Is our interpretation of closure in the light of entrenchment compatible with other closure of constraints interpretations? As far as we can see, we can identify two central claims of the closure of constraints interpretation. The first is that, given that the concept of constraint is relativised to particular temporal and spatial scales as well as to a specific processual context, “…closure is a multiscale causal regime…” (Montévil and Mossio, 2015, p. 187). The second is that any individual biological system, despite undergoing a variety of ontogenetic changes, maintains some form of closure of constraints that is realised in different variants by adding or suppressing specific constraints or sets of constraints. We interpret this point as meaning that the invariance of closure instantiated by an individual system is not characterisable in terms of a fixed and specific pattern of mutual dependence between a subset of specific and fixed constitutive constraints. As the example in section “Dependence Through Division of Metabolic Labour” shows, suppression of one constraint is not enough for loss of closure and identity. Equally, as the example in “Mutual Dependence Through Genomic, Metabolic, and Cellular Integration” shows, addition of constraints does not necessarily mean loss of closure of the individual partners, but rather poses a question concerning the possibility that the partnership or encompassing system realises some form of closure. It is for this reason that we suggest to interpret closure of constraints compatibly with our interpretation, as referring to a type of circular organisational pattern that remains constant, precisely the pattern of mutual dependence between a changeable subset of constraints. Indeed, Montévil and Mossio (2015, p. 190) seem to argue along similar lines: “…the invariance of closure takes place at a level of description which is higher than that at which each specific organisation (instantiated by an individual system) occurs” (Mossio et al., 2016) Thus, closure could be either seen as a meta-property realised by all biological individuals or as the circular organisational pattern between the component parts of the orchestration grounding the numerical identity of biological individuals, that is, as an invariant of biological organisation that, notwithstanding entrenchment, allows a possible solution to the problem of biological identity (as seemingly argued by DiFrisco and Mossio, 2019). Unlike an autopoiesis in the traditional sense of the term (i.e., strict self-production), autopoiesis in the light of entrenchment does not require the internal production of all the necessary components to maintain the circularity of processes and patterns that support the individual’s numerical identity, nor does it require the production of a set of specific elements or functions for the biological organisation to persist. What the individual requires is to maintain its circular organisation by exploiting any suitable environmental resource, which in a stable ecological context eventually might imply the internalisation of environmental elements. Whether such an interpretation of closure is sufficiently strong to ground biological individuality ascriptions is a chief challenge for autopoietic approaches.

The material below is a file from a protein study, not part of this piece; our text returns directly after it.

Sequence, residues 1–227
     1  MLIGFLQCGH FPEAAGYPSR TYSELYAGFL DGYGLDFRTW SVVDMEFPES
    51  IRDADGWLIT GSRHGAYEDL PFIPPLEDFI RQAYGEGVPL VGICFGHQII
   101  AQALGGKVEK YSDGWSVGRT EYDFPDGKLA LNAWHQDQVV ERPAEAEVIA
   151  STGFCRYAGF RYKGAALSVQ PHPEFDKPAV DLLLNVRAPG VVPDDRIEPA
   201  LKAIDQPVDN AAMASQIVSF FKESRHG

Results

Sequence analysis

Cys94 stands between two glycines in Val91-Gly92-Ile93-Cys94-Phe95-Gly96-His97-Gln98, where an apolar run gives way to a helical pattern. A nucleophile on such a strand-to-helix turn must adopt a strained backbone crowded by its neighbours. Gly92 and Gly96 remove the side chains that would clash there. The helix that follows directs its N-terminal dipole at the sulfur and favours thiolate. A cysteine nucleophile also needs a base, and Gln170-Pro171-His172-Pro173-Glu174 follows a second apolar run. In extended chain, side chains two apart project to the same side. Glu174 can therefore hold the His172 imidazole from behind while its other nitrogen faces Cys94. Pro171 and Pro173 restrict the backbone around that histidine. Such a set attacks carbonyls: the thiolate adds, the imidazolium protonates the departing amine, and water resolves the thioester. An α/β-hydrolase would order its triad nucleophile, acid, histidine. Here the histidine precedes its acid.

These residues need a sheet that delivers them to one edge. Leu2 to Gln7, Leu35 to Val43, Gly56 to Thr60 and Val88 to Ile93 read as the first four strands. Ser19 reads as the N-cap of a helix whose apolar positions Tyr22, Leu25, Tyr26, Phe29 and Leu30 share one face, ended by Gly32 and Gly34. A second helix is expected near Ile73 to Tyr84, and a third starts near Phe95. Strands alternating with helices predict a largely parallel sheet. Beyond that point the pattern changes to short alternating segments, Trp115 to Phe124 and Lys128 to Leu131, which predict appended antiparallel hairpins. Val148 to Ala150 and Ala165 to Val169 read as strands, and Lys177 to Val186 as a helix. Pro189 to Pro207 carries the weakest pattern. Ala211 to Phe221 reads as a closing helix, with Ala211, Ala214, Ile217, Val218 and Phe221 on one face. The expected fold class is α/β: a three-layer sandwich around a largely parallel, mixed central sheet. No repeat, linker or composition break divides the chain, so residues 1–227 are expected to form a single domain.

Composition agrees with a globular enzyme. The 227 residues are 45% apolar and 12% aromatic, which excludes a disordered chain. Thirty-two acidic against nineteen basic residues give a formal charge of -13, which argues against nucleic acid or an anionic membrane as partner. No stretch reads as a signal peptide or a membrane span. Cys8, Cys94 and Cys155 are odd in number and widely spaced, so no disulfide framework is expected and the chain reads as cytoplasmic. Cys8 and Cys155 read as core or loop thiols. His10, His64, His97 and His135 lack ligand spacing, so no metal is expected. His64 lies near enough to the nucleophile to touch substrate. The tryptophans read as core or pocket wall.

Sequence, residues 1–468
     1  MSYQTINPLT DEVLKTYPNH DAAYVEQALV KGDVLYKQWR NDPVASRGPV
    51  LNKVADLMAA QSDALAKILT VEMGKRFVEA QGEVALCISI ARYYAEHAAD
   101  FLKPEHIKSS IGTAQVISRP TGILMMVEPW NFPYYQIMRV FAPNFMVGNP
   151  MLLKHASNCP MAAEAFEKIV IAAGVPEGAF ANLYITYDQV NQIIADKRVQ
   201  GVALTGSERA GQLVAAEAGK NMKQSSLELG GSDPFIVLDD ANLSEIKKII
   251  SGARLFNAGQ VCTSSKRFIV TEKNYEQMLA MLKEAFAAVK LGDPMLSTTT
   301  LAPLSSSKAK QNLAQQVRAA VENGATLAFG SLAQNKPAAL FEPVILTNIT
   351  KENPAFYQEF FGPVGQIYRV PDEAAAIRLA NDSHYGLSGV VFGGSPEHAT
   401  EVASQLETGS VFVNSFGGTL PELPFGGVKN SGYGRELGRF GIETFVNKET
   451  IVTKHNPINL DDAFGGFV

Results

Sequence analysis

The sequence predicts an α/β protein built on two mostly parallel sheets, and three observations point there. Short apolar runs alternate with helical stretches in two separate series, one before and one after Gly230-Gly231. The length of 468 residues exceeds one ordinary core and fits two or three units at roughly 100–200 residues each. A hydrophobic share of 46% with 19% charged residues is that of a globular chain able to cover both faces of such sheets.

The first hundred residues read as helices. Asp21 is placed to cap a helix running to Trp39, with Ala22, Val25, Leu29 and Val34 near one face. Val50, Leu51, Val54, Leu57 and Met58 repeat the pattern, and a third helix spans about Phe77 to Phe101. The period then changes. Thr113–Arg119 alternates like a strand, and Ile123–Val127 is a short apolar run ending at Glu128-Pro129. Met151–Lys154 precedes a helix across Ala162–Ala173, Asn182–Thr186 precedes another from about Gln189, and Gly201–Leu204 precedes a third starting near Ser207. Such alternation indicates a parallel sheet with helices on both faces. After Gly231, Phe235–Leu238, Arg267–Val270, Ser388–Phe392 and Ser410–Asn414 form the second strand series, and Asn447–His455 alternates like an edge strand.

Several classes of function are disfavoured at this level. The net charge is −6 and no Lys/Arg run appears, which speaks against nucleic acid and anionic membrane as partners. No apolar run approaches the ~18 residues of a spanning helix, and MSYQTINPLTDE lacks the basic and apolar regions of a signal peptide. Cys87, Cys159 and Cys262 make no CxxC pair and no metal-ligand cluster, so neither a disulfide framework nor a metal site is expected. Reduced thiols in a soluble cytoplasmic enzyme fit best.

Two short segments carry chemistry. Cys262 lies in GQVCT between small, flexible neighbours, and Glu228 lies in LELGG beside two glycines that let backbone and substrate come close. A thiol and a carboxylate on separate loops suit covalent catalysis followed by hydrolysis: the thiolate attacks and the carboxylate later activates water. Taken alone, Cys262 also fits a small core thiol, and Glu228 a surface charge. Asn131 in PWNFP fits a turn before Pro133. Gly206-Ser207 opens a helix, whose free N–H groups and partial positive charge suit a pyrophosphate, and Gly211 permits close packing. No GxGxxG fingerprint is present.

Author Contributions

All authors listed have made a substantial, direct and intellectual contribution to the work, and approved it for publication.


DV acknowledges the financial support of the FCT - Fundação para a Ciência e a Tecnologia (DL57/2016/CP1479/CT0072; Grant N. UID/FIL/00678/2019; R&D Project Grant PTDC/FER-HFC/30665/2017 “Emergence in the Natural Sciences: Toward a New Paradigm”) and of the Fondo Nacional de Desarrollo Científico y Tecnológico de Chile (Grant N. 1171017).

Conflict of Interest

The authors declare that the research was conducted in the absence of any commercial or financial relationships that could be construed as a potential conflict of interest.


We would like to thank the editors of this thematic issue. We also deeply thank Laura Nuño de la Rosa and Matteo Mossio for stimulating comments.